The events of the past week in the West Bank could have easily led one to believe that, a decade after its onset, the Arab Spring has finally reached Ramallah.
Thousands of Palestinian youth took to the streets last week, clashing with the Palestinian Authority’s security forces and demanding that P.A. leader Mahmoud Abbas step down—just like their counterparts in Cairo and Tunis did 10 years ago.
What made the Palestinians turn on their leader was the death in custody of Nizar Banat, an activist who was one of the Abbas regime’s most vocal critics. News of his death made the simmering unrest among Palestinians—fed up with the corruption, failures and impotence plaguing the P.A.—boil over.
What is more curious here is the lack of interest on the part of Israel and the international community in the circumstances of Banat’s death—the apparent murder of a staunch critic of the P.A., by its security forces.
Having lost all hope for a better future under Fatah or Hamas rule, many Palestinians were also indifferent to Banat’s death. They focus their struggle on Israel, although many would prefer to become citizens, as many Palestinians in eastern Jerusalem have.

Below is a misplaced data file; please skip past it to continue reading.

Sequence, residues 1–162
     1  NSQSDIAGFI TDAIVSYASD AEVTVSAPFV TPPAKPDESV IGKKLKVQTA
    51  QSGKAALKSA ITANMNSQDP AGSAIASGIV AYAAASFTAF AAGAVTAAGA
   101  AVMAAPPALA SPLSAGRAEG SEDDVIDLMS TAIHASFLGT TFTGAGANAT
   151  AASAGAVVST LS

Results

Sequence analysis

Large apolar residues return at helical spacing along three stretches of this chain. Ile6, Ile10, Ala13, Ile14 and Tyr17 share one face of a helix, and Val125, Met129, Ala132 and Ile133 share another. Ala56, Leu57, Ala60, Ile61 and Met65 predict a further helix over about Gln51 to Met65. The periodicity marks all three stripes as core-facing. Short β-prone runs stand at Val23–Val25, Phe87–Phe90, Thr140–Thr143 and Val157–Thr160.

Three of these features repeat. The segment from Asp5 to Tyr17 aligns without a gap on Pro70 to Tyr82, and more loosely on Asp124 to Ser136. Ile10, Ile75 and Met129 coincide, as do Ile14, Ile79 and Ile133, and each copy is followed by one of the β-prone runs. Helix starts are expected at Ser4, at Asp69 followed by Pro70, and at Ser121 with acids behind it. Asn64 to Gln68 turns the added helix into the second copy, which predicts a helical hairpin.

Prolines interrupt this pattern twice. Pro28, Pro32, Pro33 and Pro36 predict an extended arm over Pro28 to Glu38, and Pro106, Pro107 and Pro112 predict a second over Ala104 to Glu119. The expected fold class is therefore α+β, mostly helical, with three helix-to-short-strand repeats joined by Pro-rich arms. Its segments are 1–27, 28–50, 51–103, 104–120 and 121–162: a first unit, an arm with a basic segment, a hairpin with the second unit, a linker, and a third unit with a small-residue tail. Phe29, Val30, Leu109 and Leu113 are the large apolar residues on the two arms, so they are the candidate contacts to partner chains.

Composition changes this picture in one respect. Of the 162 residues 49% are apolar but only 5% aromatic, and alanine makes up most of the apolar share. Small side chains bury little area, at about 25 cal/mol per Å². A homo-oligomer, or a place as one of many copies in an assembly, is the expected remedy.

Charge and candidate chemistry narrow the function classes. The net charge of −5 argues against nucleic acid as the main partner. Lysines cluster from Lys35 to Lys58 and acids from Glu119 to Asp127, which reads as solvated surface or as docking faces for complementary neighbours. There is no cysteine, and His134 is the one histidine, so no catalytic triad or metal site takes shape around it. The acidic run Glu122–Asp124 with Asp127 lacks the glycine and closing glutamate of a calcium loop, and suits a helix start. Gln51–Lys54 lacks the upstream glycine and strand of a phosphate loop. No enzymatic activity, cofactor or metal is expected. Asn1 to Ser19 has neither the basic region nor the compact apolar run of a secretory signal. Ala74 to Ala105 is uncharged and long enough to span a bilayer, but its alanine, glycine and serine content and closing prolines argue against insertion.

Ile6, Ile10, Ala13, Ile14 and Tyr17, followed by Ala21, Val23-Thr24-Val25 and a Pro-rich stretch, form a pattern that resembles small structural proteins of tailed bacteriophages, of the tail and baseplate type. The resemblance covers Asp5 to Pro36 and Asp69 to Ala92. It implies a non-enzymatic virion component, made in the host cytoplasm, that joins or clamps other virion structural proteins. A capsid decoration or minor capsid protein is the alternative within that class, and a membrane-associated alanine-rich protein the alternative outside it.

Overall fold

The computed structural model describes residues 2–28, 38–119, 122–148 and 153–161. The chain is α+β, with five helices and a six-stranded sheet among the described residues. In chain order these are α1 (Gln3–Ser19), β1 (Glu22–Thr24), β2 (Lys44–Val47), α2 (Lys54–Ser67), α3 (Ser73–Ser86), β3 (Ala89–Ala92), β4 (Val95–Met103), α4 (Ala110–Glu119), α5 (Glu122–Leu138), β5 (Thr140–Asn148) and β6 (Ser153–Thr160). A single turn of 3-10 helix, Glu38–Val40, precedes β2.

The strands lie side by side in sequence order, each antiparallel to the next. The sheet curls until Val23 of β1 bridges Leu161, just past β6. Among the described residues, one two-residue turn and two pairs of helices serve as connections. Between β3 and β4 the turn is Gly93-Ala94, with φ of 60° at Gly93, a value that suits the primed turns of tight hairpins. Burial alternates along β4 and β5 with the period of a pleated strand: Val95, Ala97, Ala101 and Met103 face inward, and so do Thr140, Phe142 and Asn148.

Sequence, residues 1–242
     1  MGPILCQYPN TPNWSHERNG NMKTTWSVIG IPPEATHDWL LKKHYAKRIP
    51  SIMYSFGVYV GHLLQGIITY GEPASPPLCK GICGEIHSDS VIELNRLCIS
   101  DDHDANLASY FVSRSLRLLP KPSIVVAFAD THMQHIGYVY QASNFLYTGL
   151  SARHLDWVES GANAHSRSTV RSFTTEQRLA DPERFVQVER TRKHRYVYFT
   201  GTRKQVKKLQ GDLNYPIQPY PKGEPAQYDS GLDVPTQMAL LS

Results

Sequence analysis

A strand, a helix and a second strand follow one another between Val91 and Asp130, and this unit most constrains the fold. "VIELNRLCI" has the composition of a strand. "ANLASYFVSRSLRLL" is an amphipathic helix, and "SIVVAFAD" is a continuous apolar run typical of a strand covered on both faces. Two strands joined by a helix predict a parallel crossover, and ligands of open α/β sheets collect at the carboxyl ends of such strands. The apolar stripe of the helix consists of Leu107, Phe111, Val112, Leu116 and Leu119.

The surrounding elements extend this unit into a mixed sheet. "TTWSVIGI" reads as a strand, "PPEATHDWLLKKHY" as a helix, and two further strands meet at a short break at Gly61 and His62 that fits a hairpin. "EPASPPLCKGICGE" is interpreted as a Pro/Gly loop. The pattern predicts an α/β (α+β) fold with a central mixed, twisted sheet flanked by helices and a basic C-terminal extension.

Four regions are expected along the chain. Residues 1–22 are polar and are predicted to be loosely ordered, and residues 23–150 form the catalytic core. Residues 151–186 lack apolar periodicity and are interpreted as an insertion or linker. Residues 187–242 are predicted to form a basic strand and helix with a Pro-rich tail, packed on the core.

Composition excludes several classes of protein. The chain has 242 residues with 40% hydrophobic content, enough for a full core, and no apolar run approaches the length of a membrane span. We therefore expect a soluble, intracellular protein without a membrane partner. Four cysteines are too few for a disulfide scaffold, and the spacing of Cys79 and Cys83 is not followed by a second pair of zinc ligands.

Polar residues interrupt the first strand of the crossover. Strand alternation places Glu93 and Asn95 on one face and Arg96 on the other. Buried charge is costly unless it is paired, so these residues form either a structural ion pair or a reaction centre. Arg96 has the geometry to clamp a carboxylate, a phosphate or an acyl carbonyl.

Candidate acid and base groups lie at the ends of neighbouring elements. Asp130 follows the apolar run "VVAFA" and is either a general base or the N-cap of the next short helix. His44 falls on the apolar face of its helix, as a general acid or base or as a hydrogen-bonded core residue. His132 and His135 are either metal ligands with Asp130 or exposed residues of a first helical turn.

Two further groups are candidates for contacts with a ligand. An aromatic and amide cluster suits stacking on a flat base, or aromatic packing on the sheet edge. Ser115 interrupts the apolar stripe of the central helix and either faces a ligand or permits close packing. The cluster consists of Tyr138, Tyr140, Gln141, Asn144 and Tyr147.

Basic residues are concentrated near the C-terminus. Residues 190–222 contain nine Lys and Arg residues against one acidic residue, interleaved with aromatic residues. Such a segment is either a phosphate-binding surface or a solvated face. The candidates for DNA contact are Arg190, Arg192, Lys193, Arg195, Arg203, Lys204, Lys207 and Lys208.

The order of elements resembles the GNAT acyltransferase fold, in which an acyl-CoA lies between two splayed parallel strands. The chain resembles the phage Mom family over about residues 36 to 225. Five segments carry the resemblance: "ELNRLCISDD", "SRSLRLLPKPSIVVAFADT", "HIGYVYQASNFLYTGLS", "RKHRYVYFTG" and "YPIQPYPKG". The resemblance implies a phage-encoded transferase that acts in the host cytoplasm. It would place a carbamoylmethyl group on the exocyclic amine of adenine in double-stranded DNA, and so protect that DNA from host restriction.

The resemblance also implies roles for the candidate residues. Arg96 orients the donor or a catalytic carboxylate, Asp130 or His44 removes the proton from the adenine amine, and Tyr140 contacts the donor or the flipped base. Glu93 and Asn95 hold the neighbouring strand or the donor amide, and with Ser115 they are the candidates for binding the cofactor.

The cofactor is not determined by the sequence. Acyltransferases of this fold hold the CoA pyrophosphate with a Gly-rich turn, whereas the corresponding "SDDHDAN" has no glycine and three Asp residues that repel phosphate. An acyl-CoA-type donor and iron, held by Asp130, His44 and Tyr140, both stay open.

The Palestinians’ allies have also remained silent. That various Western NGOs that rush to condemn Israel for every perceived affront against the Palestinians have had nothing to say on this issue.
These groups welcome—encourage even—criticism of Israel, but when it comes to Arab rulers, they find it best to remain silent. No one, Arab Israeli Knesset members included, has anything to say against the atrocities of Arab rulers the likes of Syrian President Bashar Assad or Libyan dictator Muammar Gaddafi.
The position is that this is how things are done in the Arab world, and so this is a reality we must learn to accept.
A few days after Banat’s death, Haifa resident Maysar Othman was murdered in front of her children, for committing the sin of divorcing her husband. Here, too, not one Arab lawmaker or local Arab leader saw fit to issue a condemnation.
These leaders hold on to conspiracy theories that pin the violence in the Arab sector on criminal gangs that collaborate with the Israeli government, thus exempting themselves from the need to fight this phenomenon. Not for nothing, but not one local Arab Israel leader condemned the May riots that saw Arab mobs attack their Jewish neighbors in mixed cities.
We live in a region that lags behind economically and socially, and where traditional society sanctifies violence as a way of life. Many in Arab society are aware of the challenge, but they are also aware of the opportunity that life in Israel can provide them in terms of escaping this cycle of violence, and they need to be nurtured.
Eyal Zisser is a lecturer in the Middle East History Department at Tel Aviv University.
This article first appeared in Israel Hayom.
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